The full version also discusses getting away from the traditional Lovecraftian characters and assumes a default emphasis of people at the margins of society – it is worth quoting the section on “The Setting and the Power” on page 26 of the book:

In every setting, someone has power. Power is often about money, government or social class, although other factors may be important too. For example, in Victorian London, the gentlemen of the aristocracy have power, along with scientists, traders and the Church. In Mumbai 2037, those with money and those who were born into a high position in society hold the power.

The Investigators are always people with little power. They might be thieves, housewives or dockworkers. They might be skilled people, such as teachers, carpenters or nurses. But they won’t be aristocrats, tycoons or those in government.

By contrast, the horror is close to the power in some way. For example, in Victorian London, the Investigators might uncover a horror in a university, bank or church. In Mumbai 2037, the horror might be in a technology company or relic of the British Empire.

The book has four settings, each of which has an adventure. They are:

  • London 1851. The adventurers are artists, beggars, burglars, cleaners, clerks, housewives, nurses, etc. “Screams of the Children” features missing children and monstrous offspring.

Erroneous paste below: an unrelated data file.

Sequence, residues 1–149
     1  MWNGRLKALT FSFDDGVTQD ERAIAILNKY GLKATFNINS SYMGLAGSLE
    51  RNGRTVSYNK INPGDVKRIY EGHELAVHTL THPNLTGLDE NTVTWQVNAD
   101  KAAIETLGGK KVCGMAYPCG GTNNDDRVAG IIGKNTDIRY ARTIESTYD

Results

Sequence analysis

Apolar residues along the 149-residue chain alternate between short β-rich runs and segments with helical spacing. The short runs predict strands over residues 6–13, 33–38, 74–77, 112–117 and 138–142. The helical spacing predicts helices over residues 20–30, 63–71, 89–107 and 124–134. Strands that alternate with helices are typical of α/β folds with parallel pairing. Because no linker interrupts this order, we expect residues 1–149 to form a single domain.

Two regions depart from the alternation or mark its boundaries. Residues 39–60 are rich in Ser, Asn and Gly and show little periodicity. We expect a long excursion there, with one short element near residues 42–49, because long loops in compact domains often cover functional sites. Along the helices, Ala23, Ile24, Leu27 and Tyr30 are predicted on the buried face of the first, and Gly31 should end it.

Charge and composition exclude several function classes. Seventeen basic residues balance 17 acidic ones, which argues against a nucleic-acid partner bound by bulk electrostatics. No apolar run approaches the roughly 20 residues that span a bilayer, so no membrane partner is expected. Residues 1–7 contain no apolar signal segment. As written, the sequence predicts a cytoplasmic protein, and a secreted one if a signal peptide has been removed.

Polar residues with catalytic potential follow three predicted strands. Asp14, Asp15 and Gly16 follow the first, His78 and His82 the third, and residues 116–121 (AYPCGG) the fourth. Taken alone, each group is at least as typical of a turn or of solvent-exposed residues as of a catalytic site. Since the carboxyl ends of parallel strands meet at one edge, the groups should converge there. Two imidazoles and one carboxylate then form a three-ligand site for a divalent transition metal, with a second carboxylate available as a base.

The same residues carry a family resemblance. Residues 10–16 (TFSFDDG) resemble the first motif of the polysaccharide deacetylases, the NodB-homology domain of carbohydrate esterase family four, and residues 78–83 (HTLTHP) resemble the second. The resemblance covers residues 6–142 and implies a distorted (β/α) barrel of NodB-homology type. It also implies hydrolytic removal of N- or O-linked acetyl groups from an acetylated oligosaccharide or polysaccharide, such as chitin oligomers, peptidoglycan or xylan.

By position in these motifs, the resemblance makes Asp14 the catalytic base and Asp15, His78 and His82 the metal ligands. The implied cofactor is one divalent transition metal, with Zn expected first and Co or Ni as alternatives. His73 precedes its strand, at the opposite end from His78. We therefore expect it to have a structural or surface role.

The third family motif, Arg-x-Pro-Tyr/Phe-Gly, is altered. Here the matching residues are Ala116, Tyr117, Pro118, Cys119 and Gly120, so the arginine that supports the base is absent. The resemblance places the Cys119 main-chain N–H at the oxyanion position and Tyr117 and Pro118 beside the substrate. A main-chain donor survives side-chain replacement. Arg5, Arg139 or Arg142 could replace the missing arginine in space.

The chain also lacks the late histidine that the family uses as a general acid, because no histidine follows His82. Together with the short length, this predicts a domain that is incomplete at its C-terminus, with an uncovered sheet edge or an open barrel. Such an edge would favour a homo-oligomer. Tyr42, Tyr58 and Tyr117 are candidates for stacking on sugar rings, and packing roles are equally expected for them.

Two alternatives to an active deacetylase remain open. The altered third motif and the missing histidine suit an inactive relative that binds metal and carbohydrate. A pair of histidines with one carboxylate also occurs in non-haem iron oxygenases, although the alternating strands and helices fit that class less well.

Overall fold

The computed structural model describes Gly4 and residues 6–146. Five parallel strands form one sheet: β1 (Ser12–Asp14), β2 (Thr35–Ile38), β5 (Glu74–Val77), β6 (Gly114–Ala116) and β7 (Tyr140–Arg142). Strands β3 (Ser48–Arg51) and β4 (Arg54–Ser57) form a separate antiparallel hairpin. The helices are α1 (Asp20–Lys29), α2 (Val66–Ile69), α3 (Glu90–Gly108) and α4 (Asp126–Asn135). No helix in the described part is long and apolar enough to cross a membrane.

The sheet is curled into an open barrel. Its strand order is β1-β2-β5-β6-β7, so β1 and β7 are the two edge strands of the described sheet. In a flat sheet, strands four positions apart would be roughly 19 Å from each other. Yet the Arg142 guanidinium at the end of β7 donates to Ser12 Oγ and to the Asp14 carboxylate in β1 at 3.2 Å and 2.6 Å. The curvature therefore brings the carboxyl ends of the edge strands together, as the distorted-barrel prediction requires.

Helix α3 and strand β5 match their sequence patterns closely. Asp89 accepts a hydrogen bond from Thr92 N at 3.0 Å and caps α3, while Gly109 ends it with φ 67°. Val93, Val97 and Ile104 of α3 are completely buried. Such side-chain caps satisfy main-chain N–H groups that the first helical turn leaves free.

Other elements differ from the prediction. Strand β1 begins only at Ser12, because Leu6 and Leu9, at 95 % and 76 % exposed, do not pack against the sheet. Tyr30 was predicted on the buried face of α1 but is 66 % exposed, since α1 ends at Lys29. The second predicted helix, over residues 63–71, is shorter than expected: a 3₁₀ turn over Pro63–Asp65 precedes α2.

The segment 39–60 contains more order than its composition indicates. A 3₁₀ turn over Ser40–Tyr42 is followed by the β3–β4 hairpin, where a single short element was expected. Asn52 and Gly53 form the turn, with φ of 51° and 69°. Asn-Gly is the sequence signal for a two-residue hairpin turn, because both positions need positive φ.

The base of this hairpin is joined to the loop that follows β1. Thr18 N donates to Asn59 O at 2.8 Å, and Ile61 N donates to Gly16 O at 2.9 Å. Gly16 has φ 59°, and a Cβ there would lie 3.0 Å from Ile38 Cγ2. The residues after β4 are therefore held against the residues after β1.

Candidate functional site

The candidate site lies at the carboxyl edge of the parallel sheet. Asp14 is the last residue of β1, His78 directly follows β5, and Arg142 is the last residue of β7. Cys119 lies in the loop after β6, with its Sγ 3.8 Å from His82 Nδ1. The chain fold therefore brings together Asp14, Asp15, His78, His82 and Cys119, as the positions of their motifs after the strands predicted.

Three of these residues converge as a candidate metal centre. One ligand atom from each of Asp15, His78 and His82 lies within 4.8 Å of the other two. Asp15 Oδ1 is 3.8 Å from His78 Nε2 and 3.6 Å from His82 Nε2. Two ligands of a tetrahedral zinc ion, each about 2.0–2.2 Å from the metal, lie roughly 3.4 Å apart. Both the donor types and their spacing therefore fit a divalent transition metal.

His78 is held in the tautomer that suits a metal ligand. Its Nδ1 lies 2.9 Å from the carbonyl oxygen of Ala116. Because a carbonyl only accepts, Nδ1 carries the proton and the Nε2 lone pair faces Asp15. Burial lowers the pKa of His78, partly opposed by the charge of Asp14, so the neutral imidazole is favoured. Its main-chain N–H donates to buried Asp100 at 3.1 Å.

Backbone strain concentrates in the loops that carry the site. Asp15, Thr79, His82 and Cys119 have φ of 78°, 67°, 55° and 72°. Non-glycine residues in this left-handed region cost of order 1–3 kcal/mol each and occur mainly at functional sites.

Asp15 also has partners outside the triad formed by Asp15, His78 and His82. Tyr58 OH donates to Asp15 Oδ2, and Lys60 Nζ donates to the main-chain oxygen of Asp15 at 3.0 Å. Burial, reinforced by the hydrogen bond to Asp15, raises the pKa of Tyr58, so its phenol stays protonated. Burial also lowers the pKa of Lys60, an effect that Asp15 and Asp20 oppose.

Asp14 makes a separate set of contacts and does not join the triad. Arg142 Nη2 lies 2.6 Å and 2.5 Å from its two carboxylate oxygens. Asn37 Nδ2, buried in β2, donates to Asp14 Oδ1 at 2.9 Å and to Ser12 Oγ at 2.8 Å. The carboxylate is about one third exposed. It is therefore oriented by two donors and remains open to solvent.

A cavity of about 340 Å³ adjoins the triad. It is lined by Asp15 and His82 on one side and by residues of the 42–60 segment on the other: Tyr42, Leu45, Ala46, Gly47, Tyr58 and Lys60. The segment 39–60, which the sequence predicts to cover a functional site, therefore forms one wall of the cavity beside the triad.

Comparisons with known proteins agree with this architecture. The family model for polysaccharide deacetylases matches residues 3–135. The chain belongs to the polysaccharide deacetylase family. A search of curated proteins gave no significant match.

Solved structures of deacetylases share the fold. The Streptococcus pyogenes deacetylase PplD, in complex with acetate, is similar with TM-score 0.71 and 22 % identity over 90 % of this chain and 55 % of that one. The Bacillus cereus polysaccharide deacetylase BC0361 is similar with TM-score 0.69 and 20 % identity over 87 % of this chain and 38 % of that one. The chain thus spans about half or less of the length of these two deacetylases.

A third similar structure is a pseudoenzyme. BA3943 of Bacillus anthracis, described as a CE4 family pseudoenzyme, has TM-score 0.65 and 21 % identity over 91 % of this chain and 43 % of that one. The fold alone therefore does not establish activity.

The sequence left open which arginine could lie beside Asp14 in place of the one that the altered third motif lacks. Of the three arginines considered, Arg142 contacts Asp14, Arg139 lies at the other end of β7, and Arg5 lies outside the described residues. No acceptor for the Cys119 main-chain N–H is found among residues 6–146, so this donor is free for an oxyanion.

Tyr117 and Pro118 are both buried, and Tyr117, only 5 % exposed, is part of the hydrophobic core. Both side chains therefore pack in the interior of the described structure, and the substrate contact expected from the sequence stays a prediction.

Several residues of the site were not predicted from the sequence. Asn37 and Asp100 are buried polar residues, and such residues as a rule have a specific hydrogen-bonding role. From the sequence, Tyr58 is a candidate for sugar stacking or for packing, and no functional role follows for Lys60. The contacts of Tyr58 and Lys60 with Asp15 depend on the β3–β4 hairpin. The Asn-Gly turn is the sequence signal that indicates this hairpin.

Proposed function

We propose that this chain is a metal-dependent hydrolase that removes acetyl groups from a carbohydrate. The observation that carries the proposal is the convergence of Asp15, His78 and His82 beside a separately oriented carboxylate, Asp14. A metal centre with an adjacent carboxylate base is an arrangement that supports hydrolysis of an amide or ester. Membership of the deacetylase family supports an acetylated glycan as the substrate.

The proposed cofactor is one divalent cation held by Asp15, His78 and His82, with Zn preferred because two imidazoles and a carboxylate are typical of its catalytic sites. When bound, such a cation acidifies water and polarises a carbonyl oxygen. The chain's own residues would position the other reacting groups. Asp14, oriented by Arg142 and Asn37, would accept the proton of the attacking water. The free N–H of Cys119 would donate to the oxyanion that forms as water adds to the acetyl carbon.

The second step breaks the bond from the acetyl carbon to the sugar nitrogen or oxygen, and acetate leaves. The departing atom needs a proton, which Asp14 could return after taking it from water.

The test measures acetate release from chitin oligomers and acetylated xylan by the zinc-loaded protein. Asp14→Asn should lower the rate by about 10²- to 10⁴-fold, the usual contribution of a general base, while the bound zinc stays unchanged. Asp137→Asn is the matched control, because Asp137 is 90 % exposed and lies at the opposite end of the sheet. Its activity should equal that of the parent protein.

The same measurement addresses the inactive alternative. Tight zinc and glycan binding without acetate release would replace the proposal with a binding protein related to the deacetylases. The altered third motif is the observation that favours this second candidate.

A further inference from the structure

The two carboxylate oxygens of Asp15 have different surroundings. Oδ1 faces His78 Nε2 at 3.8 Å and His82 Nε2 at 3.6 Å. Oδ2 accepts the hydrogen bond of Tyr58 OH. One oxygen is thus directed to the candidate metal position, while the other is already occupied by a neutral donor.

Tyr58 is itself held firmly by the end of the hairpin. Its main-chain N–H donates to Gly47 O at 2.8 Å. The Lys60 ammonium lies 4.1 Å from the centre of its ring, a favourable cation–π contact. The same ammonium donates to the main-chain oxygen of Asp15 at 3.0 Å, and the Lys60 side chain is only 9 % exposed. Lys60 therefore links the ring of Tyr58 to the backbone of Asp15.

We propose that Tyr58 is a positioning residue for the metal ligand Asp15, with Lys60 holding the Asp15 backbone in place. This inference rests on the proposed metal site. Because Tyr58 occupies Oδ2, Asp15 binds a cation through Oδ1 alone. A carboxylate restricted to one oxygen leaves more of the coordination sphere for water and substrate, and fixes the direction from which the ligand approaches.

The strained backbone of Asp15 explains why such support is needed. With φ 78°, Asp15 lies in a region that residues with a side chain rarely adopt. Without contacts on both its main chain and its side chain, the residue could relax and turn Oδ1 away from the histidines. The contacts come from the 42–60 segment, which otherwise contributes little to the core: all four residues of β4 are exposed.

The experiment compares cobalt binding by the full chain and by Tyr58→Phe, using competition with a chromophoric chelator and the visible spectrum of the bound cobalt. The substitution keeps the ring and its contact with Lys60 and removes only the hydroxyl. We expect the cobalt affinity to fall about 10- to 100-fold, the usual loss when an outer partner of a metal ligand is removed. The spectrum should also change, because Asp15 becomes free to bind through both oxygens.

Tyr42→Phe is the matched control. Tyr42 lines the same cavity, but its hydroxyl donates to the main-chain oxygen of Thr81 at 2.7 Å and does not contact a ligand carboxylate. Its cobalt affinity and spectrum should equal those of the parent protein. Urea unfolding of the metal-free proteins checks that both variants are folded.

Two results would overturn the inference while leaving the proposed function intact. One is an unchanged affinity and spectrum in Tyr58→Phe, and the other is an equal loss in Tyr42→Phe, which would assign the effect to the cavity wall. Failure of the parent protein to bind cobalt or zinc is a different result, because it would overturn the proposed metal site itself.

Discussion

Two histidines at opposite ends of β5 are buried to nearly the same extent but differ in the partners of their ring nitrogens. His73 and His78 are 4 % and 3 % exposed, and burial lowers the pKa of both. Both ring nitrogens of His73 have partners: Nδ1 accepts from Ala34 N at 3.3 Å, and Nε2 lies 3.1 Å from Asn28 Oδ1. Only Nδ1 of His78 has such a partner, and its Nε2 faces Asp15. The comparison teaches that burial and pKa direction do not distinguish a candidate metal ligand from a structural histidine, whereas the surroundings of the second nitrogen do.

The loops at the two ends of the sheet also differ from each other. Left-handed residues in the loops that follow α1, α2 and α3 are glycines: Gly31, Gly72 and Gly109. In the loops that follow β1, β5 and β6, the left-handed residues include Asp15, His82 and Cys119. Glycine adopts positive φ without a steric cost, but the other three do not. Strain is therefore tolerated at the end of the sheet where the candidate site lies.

• Arkham 1682. The adventurers are townsfolk of Arkham, Massachusetts. They have colonial occupations such as blacksmith, doctor, farmer, slave, etc. In “The Doors Beyond Time”m the investigators get caught up in witchcraft accusations and trials.
  • Jaiwo 2017. The adventurers are inhabitants of the small fictional country of Jaiwo on the west coast of Africa. The characters have more modern occupations like bartender, journalist, taxi driver, or teacher. “The Curse of the Zimba” deals with the legacy of colonialism and the conflict with traditional beliefs.
  • Mumbai 2037. This setting is deliberately a bit fuzzier than the others, with a strong division of wealth and class between the haves and have-nots – skyscrapers and stockbrokers hand-in-hand with poverty and ancient tenements. Characters might have roles like engineers, cleaners, or police officers. The adventure “Consume” features the investigators working in a vast building where lives are being mysteriously lost.

When I first saw Cthulhu Dark I had a difficult time “getting” it. However, it was one of those games that stuck in my head and when the Kickstarter for the expanded version of it came out, I decided to support it. It was with that expanded version that everything clicked.

I’ve played a few adventures with my group and they’ve fit the genre of cosmic horror remarkably well. A good sign was the fact that the players, on multiple occasions, suggested something they saw should merit an Insight check. That’s a sign of great buy-in. The Insight system is rather clever – initially, you will find your Insight rapidly increasing but as you reach higher levels of Insight, probability will naturally slow down the rate of increase – though with greater drama over each roll, to the point where a single roll will have a 1-in-6 chance of causing a character to go insane. It’s a fantastic mechanism for elevating dread as the session progresses.

I have Cthulhu Dark as a reliable standby for when we lack a quorum for our regular game, but I know of people who have run full campaigns with it. I do find it works really well for a game of doomed protagonists and represents an interesting change of pace from more traditional Lovecraftian RPGs. It’s a deceptively simple game, with its small number of moving parts fitting remarkably well together.

~Daniel Stack

Follow Daniel on Twitter at @DStack1776